While it’s good news that M. Night Shyamalan is finally getting around to producing a sequel to his Bruce Willis/Sam Jackson-led Unbreakable, three problems in particular come to mind.
1. The original Unbreakable came out 17 years ago.
The point being that a lot of people aren’t going to get fired up for a sequel to a movie that came out before they were born. This is why Bruce Willis and Sam Jackson must reprise their roles. The two leads returning will help to bridge not only the gap in people’s minds, but the very real gap between the original and the sequel.
Could the movie work without Willis and Jackson? Maybe, though why take the chance? After all, many believe that one reason in particular Independence Day: Resurgence tanked (which is perhaps too strong a word for a movie that earned almost $390 million worldwide) was because Will Smith did not return to the role that catapulted him to A-list stardom.
2. Will we be seeing the ‘Blumhouse’ Shyamalan, or the ‘Lady In The Water’ Shyamalan?
I could have written the ‘AfterEarth’ Shyamalan, though the meaning would have been the same, namely I’m talking about the period of time when Shyamalan was seemingly driven more by ego than creativity, and it showed in vanity projects like Lady In The Water, AfterEarth and The Last Airbender.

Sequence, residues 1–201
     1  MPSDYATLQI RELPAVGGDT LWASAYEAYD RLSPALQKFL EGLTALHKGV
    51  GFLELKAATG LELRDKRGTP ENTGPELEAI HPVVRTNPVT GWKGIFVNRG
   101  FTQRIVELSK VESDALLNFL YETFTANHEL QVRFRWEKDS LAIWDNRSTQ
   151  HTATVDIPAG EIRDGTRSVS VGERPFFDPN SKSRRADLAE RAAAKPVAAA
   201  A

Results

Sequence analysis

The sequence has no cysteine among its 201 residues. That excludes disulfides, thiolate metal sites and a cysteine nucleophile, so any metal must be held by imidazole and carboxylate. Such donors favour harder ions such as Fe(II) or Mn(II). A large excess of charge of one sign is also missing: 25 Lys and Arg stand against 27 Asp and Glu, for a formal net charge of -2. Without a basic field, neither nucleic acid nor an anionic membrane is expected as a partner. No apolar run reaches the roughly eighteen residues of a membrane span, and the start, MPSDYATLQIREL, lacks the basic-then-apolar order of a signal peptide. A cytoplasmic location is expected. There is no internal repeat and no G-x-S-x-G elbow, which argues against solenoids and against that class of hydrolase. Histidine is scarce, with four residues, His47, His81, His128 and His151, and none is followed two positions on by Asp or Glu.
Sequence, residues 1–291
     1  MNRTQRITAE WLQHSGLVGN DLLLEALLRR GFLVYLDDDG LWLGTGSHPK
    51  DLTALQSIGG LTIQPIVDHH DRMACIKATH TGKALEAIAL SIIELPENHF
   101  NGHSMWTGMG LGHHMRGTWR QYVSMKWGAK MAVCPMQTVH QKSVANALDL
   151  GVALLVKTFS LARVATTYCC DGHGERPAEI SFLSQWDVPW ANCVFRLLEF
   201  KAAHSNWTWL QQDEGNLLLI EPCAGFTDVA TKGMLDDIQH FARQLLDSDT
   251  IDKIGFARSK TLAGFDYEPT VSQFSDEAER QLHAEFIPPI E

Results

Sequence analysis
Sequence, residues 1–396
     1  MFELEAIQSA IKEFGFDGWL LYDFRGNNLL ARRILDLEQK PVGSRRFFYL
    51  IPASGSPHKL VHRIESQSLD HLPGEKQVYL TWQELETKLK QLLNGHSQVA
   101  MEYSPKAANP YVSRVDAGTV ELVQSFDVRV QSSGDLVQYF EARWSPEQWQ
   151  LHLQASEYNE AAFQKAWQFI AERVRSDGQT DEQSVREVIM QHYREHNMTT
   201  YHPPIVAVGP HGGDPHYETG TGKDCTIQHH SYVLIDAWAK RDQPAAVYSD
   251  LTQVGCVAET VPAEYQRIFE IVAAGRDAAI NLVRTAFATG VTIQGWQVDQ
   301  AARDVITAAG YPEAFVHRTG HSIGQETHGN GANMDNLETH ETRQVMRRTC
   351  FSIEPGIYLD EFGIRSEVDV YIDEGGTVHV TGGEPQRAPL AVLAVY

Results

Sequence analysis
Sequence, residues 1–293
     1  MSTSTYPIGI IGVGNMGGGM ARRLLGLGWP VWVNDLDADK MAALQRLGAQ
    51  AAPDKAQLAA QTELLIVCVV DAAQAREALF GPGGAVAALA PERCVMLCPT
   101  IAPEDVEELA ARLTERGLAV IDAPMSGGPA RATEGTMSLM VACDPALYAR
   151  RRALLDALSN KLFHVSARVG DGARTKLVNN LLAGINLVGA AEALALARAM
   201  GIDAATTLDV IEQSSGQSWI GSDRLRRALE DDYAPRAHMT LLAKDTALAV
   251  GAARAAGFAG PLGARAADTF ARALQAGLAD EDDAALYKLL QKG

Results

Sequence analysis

While the ‘Blumhouse Shyamalan, ’ where the resurgence of his career began with movies like The Visit and Split.
Lean, relatively small-budgeted features (pretty much the only type of movies Blumhouse Pictures makes), managed to reign in Shyamalan’s excesses though I suspect he won’t have a Jason Blum to keep an eye on things for an Unbreakable 2.
Though considering we’re talking about Bruce Willis and Sam Jackson, I suspect that neither will come cheap.
3. How will Unbreakable 2 differentiate itself from all the other superhero movies?
When Unbreakable came out the idea of superhero films was relatively uncommon, which is why the original could work as a superhero film despite being relatively action-free. Such an approach would likely not work today, so how can Shyamalan create a drastically different-looking superhero story, while not drifting too far afield of what made the original so engrossing and worthy of revisiting is a question worth pondering.
If Shyamalan can address these three points, it by no means guarantees that Unbreakable 2 will be a success, though what it does mean is that it will likely find a receptive audience, one way or another.